Brar Awarded Moore Inventor Fellowship & National Science Grant

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MTT News's picture
Michelle Phillips
Former Middleton resident and MHS graduate Victor Brar received both the Moore Inventor Fellowship and a National Science Grant this fall for his work in physics. Brar is an assistant professor at UW-Madison.

MIDDLETON–Former Middleton resident Victor Brar has been awarded two physics monetary grants for his work as an assistant professor of physics at UW-Madison.

The first award is the Moore Inventor Fellowship, named after physicist and Intel co-founder Gordon Moore, as is Moore’s law, an observation that transistors and processors double every 18 months while cost is cut in half.

The fellowship seeks inventions that impact the advancement of technology, and Brar’s invention involves manipulating an incandescent filament by notching it to reduce light to a single color, making it much more like a laser, but more efficient and faster. 

“You use an electron beam to cut notches in a pattern. Depending on the pattern, it will emit different colors,” said Brar. “Because the light doesn’t scatter that much, it will go a further distance.”

He hopes the technology, which will be used to create low cost, chemical sensors, can be used in an agriculture or environmental settings. 

“For example, with precision ag, it can detect how much fertilizer is in this particular spot,” he explains. “It can detect how much pesticide or fertilizer the crop is emitting and prevent over use.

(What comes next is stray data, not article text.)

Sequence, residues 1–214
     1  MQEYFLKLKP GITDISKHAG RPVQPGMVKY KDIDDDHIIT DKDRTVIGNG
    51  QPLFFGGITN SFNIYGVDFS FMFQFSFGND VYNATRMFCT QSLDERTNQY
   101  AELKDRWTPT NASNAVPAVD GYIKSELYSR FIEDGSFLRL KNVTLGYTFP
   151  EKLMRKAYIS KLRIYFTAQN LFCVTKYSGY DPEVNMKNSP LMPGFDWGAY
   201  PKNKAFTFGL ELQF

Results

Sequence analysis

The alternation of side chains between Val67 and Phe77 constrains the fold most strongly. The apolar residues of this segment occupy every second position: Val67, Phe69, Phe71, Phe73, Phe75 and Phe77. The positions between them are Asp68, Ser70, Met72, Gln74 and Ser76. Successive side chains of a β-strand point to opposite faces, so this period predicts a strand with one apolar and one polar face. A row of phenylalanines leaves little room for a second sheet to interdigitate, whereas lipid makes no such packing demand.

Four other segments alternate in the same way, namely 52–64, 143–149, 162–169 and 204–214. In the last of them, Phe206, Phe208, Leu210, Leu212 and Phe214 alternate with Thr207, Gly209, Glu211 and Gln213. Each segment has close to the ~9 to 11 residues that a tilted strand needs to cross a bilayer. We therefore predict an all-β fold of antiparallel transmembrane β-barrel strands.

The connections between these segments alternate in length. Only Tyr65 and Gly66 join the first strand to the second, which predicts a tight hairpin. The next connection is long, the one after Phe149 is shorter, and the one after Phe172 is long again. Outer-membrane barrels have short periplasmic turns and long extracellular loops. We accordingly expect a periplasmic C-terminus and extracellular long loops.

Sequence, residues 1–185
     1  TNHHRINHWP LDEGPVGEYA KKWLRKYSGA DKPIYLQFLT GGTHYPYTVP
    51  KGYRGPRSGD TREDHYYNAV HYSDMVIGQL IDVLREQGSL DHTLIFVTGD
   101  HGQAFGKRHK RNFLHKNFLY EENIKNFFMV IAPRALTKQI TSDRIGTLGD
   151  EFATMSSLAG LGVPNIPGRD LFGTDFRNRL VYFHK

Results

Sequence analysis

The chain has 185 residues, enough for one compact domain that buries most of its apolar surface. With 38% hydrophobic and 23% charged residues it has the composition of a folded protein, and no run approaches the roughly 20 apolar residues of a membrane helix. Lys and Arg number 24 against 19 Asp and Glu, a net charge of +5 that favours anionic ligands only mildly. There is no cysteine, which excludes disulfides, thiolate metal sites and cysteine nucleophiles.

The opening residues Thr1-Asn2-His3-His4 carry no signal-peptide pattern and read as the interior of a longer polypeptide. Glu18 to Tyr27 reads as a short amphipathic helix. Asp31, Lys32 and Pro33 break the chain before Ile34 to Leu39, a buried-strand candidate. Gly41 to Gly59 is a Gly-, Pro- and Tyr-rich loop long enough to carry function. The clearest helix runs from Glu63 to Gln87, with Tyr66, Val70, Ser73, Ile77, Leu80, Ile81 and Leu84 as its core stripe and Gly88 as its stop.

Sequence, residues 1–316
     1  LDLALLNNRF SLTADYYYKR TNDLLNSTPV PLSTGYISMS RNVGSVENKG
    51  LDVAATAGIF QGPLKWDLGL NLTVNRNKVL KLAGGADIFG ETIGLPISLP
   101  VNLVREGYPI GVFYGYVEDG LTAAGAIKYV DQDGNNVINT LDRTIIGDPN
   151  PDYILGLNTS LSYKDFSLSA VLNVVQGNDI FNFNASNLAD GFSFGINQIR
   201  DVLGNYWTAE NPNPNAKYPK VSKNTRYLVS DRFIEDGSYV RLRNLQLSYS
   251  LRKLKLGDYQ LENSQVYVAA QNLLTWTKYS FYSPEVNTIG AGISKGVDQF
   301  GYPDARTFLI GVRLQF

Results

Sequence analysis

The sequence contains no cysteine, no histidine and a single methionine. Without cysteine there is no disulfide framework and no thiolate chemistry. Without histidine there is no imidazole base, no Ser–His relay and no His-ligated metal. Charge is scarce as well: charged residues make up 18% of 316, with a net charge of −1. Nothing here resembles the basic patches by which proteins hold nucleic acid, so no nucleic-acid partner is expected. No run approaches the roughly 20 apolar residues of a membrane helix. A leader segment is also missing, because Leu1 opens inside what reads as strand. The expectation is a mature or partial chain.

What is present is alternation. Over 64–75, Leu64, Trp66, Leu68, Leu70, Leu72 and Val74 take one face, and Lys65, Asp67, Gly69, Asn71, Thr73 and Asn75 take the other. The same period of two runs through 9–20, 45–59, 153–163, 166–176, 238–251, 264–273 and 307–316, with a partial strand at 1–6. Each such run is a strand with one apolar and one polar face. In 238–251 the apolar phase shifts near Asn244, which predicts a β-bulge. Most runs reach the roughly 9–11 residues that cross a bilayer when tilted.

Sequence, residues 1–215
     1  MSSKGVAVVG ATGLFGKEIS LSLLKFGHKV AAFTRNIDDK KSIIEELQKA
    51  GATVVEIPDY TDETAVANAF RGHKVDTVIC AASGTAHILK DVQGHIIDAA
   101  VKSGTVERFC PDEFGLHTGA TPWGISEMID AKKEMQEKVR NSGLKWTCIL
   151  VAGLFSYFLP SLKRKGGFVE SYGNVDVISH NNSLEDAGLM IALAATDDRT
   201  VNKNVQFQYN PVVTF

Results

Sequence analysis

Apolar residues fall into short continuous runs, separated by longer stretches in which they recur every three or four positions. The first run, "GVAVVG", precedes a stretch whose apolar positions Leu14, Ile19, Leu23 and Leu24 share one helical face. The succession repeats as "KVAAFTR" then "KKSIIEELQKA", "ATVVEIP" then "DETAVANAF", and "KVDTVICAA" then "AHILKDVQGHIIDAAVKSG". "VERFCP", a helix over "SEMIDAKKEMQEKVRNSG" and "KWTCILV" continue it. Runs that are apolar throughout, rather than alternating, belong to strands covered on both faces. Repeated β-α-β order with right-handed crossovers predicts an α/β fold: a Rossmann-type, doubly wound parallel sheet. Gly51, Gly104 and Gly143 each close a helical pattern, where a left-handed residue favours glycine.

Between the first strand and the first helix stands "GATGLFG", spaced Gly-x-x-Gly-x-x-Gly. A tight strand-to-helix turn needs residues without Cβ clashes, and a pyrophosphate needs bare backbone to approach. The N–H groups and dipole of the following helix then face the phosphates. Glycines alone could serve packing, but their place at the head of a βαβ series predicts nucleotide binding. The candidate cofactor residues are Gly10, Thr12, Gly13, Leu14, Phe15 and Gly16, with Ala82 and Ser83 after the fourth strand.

“It’s not cost effective for people to try to monitor these things themselves.” He added and said the sensors could also be used in an industrial setting and be affordable for all because of their low-cost production.

The Moore Fellowship has been available for the last three years, awarded five grants a year. Brar is the third UW-Madison professor to win the fellowship of $825,000 for his invention, as well as an additional $50,000 for the university, since its inception.

The second award is the National Science Foundation Grant for work in the advancement of quantum physics. 

Brar is working on a quantum computing project that is working to reduce the noise in quantum computers. He describes quantum computing as different than binary because they can use fractions of numbers, rather than just 1 and 0, “Let’s say I have a table of numbers and I want to add two to each one. With a binary system it must be done individually, but with a quantum computer it can be done simultaneously,” Brar explained.

He said that this can help some algorithms run faster and break encryptions. Quantum computing can also help scientists run simulations faster. In addition, it provides cryptography, making it harder to spy through emails. The technology is still in its infancy, with just a couple of prototypes, and Brar said a commercial version is still decades away.

As for working out the noise, Brar is working with IBM and two individuals from Princeton to try to reduce the noise which affects storage at 100 milliseconds. Brar said Natalie DeLeon is tasked with finding defects in the materials and the bonds they make, and Bob Cava will be looking at growing new materials.

Brar is using a scanning, tunneling microscope to try to pinpoint the source of the noise. “We’re all kind of taking baby steps,” Brar said. “The microscope can look at a single atom, it’s very specialized, so I am always looking for a way to use it.”

He said he was pleased to get the grants. “It’s a chance to work on something with a little leeway without working on a paper. In academics, you don’t often get to work on these types of things.

Brar is a Middleton High School (MHS) graduate and has been at UW-Madison since 2016. He said math and science classes MHS helped prepare him prepare for a career in physics. 

“It’s kind of cool (teaching physics at UW-Madison), in high school, I used to work in the same building as an intern,” he said.

The National Science Foundation Grant is $1 million, and two other professors at UW-Madison received grants this year. 

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